Time To Get To Work

In the UK summer is such a precious commodity we have to squeeze every drop of goodness out of it. By and large we don’t work trees over summer except for a few maples and the constant pruning back of fast growing broad leaf varieties. Making the most of that tiny handful of long warm days so our bonsai make the most growth possible, by and large, means leaving well alone other than watering and fertilising. After thirty years of constant disappointment in the summer weather I have come to the point where I am just thankful for small mercies.

This summer started of with GREAT promise, an early spring, beautiful clear sunshine and temperatures ten degrees warmer than normal. Living near the coast the spring is typically much later arriving than it is inland but by June this year we were in the twenties and I don’t remember that happening before. All this bode well for what is traditionally the hottest period of the year here, July to mid-August. A couple of days into July I opened the door early in the morning only to be greeted by a slight chill (normally happens at the end of August), the first harbinger of autumn. Incredibly since that day the temperatures have been falling. In thirty years cultivating bonsai this is the first time I have seen autumn colour in August! I kid you not, we had trident maples turning yellow and red nearly a month ago. The parthenocissus on the garden fence is, as I write, turning red at least five weeks early.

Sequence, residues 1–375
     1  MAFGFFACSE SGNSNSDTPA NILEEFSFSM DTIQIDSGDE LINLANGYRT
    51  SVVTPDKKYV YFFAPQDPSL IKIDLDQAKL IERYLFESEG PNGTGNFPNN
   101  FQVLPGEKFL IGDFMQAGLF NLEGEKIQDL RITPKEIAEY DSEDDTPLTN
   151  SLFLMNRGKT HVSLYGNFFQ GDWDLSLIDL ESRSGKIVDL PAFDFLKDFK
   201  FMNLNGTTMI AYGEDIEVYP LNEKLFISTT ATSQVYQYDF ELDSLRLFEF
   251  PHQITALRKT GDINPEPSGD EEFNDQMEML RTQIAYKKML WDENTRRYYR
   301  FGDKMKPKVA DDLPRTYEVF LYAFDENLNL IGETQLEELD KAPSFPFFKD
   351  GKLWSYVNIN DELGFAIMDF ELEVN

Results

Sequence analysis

Being a glass half full kind of a fellow ( ?????? WTF) and putting a brave face on the cruel British climate we may have lost some growing days but at least we can get to work a bit earlier this year. Because trees are busy growing in summer we always wait until that’s all over before we begin working lots of our yamadori into bonsai. That way we have a lot of new foliage to use and the trees energy levels will be high. I normally have a pretty frantic autumn trying to get a bunch of trees worked whilst getting ready for ……..CHRISTMAS (yes you heard it here first in 2017). However this year I have started a month early with this evergreen Barbary oak.

Lots more to follow this fall.

Also a nice Sabina juniper from last weekends workshop.

G.

 

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